If you've got a big crowd coming over and want to serve a lot of turkey, you can make a giant bird. But there's another option: Cook two smaller birds in the oven at the same time.
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"For a juicier, tender product that you can fit in your oven, two birds might be a better choice," King Phojanakong, a chef at the Institute of Culinary Education, tells LIVESTRONG.com. A larger and older turkey is more likely to have tough meat, Phojanakong says.
You may also find two smaller birds easier to handle — just think about the relative ease of lifting up a roasting pan with a 12-pound turkey versus a roasting pan full of a blazing hot 24-pound bird. With two birds in play, you can also use different seasonings. Plus, you'll cut down on cook time: Two small turkeys cook faster than a single super-sized one.
But if you're going to cook two turkeys at once, you'll need to do some advance planning. Here's what you need to know, and the exact steps you'll take to cook two turkeys at once in the oven.
Plan Ahead Before Cooking Two Turkeys at the Same Time
Keep these considerations in mind if you're cooking two turkeys together.
1. Choose the Right Size Turkeys
You'll want to make sure there's room for both birds in your oven.
Consider their size to make timing easier: "It's best to look for two birds that are as close to the same size as possible so they'll cook at similar rates," Phojanakong says.
2. Make Sure Your Oven Is Large Enough
You'll need to fit the two turkeys — and their two roasting pans — in the oven. But you'll also need the air in the oven to be able to circulate around a bit, according to the USDA. If your oven will have a clown car-like appearance with two turkeys inside it, cooking two birds at once might not work for you.
"It's best to use separate roasting pans," Phojanakong says. That's for safety reasons, as having two turkeys in a roasting pan can be unwieldy and heavy, he says. Plus, the air can't circulate easily if both turkeys are crammed in a single roasting pan, Phojanakong says.
To that end, you'll want to place the roasting pans in different corners of the oven, per guidance from the National Turkey Federation (NTF).
Another way to promote circulation: Elevate the turkey on either a roasting rack or a bed of root vegetables, Phojanakong recommends. “This will create some more space for the heat to circulate.”
3. Think About Timing
The timing will be based on the size of each individual bird, according to the USDA.
That is, if you're cooking two 10-pound turkeys, you'll want to go by the cook time for a 10-pound turkey, not a 20-pound one. If the two birds are slightly different sizes, use the weight of the smaller turkey to determine timing, per Kansas State University.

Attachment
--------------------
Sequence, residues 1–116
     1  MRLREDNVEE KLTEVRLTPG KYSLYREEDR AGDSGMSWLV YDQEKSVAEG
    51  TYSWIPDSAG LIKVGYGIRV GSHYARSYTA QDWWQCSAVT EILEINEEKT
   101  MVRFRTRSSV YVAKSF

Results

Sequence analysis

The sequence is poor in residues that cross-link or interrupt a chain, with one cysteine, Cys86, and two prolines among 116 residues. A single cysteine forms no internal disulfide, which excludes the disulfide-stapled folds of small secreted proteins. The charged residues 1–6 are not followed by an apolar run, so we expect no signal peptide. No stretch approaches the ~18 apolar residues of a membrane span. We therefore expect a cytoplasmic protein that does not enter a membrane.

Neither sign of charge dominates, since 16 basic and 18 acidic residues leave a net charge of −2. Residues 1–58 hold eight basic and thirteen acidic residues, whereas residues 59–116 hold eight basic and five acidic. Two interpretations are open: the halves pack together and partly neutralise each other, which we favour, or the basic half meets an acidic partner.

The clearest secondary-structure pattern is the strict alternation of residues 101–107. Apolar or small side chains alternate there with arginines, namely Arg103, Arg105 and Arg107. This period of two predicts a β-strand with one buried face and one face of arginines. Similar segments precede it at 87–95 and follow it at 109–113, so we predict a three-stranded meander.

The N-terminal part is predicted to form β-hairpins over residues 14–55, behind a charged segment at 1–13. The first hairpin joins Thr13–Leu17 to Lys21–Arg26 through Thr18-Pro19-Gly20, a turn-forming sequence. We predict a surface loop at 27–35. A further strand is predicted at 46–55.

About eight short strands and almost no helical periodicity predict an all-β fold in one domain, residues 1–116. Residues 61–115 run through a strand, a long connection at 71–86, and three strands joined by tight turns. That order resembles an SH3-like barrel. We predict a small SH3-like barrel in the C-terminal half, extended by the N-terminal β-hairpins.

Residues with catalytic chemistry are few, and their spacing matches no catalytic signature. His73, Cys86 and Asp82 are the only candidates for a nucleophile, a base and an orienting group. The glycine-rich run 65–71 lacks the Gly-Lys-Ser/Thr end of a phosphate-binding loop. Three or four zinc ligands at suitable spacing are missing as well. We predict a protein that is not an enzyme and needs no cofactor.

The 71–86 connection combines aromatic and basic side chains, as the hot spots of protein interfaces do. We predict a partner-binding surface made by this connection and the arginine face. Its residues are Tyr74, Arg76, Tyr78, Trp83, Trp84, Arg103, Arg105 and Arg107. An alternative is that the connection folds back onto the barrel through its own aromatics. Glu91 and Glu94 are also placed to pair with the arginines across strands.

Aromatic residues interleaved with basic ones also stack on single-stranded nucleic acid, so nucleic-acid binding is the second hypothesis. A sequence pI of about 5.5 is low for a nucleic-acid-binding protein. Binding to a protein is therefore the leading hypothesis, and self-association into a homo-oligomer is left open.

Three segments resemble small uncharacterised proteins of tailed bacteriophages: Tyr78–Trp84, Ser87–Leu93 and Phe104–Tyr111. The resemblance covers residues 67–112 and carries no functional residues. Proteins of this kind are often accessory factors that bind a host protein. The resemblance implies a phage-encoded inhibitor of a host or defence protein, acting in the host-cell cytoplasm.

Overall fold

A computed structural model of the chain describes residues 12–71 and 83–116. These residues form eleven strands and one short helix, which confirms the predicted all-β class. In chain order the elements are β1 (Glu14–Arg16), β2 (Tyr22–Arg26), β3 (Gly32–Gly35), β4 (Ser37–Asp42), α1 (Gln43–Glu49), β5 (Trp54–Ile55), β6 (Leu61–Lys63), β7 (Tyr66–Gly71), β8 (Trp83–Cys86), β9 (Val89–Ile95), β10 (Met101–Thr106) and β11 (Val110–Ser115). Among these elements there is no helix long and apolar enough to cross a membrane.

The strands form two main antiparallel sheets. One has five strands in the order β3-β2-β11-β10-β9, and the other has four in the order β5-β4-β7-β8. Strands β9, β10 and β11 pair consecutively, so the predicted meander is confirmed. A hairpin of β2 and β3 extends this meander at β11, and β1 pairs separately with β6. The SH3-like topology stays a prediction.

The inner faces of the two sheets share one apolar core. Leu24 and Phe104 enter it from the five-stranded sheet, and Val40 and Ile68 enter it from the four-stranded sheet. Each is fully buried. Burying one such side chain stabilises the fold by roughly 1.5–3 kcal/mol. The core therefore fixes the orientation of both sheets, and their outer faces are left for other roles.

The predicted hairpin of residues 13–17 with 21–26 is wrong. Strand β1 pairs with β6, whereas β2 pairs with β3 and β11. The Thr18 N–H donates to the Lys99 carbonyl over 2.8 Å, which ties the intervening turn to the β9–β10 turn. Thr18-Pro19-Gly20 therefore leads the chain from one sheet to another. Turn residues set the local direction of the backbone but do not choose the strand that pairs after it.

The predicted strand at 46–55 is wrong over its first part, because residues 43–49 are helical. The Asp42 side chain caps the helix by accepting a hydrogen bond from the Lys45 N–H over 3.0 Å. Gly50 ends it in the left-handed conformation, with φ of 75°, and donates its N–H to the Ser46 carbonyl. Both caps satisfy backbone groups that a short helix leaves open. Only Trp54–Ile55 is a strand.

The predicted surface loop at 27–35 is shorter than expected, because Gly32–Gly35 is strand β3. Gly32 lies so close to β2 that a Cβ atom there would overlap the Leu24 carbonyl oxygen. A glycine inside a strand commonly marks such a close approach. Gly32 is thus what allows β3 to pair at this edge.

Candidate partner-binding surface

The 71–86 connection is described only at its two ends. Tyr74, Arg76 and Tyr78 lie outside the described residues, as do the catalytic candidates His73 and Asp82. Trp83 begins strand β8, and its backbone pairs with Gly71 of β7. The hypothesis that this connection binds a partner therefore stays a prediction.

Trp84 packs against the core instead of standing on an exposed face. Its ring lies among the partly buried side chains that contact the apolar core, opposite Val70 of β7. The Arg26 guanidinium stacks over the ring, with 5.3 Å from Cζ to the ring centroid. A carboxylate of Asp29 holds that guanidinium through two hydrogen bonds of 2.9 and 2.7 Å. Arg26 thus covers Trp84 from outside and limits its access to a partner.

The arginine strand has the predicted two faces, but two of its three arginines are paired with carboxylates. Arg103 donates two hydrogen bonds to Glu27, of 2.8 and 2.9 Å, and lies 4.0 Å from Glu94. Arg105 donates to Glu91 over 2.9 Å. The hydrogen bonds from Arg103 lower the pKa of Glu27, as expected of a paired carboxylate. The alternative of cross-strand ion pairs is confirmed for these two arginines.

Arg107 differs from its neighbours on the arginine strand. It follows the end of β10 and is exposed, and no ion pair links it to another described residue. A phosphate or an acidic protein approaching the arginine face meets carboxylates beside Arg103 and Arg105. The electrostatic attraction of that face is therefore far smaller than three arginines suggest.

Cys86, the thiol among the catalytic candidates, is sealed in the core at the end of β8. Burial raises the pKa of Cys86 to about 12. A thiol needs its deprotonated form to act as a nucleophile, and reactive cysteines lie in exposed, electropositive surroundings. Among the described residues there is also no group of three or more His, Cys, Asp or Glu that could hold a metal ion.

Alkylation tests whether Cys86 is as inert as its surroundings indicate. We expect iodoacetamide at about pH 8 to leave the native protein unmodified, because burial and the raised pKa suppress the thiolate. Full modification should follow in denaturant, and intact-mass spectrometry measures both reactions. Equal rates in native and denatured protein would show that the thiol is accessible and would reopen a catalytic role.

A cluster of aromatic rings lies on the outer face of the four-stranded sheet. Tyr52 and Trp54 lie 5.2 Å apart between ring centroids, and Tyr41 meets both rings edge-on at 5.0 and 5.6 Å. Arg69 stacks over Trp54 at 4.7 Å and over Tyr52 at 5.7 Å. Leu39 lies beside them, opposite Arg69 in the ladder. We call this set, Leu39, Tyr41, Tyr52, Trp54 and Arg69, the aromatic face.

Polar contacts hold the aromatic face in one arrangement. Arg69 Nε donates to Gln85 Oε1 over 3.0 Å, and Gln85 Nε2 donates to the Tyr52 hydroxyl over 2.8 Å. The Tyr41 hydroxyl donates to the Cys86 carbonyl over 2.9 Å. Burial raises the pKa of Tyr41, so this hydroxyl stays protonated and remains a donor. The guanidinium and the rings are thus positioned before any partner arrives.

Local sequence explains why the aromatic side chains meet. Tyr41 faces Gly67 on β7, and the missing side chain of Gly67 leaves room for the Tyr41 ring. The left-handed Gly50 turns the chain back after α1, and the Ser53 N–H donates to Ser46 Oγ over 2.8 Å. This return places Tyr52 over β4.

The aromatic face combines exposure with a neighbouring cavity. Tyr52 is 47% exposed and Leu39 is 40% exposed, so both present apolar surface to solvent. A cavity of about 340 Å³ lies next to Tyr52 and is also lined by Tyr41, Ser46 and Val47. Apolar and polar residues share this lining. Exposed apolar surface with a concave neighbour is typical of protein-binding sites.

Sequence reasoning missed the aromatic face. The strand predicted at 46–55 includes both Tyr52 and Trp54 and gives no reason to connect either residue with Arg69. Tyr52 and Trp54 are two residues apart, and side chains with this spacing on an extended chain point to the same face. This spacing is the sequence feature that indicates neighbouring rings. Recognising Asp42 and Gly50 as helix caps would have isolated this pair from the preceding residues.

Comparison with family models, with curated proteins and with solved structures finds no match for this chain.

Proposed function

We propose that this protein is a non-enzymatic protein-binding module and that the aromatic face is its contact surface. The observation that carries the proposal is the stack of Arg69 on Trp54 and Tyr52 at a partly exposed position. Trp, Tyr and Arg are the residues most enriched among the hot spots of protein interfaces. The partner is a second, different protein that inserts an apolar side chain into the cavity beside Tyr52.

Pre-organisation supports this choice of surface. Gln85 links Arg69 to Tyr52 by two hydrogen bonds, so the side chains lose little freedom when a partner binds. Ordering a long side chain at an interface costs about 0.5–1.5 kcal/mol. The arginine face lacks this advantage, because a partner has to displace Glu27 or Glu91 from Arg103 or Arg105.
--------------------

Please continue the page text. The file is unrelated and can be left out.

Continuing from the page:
Adding stuffing leads to a longer cook time. If you stuff one bird, but not the other, the unstuffed bird will be done sooner.
4. Plan to Clean Your Food Thermometer
A food thermometer is the only way to know when a turkey is fully cooked. Even when the outside of poultry is a delightful golden-brown color, it's still possible that the inside is undercooked, which can lead to foodborne illness.
If you're feeling very cautious, you can have two food thermometers — one for each turkey — on hand. That'll save you some washing time if you're checking on the temperatures of both turkeys.
Considering the birds are the same size, they'll cook at the same rate, so it's fine to check the temperature on just one bird throughout the cooking process, Phojanakong says. Do check the temperature on both turkeys at the final stage to determine if they're done.
5. Fully Cook Both Turkeys
Turkey should be cooked to an internal temperature of 165 degrees Fahrenheit.
You'll want to check the turkey's temperature in three spots, per the USDA:
- the thickest part of the breast
- the innermost part of the wing
- the innermost part of the thigh
How to Cook Two Turkeys at Once
Before you can cook the turkeys, you'll need to thaw them. While you can cook turkeys that are frozen or partially frozen, it will add to your cooking time.
There are only three safe ways to thaw your turkey, per the USDA. The top recommendation is to thaw turkey in the refrigerator — this takes about 24 hours for every 5 pounds of turkey. You can also thaw turkeys in cold water or in the microwave — these methods are speedier but more cumbersome. If you opt to thaw your turkey in the microwave or cold water, you'll need to cook the bird immediately after it's thawed.
If you wish, brine the turkeys the day before cooking them. Brining leads to a moister bird.
To brine, mix together 1 cup of kosher salt per 1 gallon of water in a large container. Place the turkey in the food-safe container. It should be fully submerged in the liquid. Refrigerate the turkey in the brine for at least 8 hours or overnight, according to the NTF.
Brine each bird separately — do not use one container for both birds.
Things You'll Need
2 small turkeys (10 to 14 pounds each), thawed
2 wire racks
Root vegetables (optional)
2 roasting pans
1 cup water
Food thermometer ($13, Amazon.com)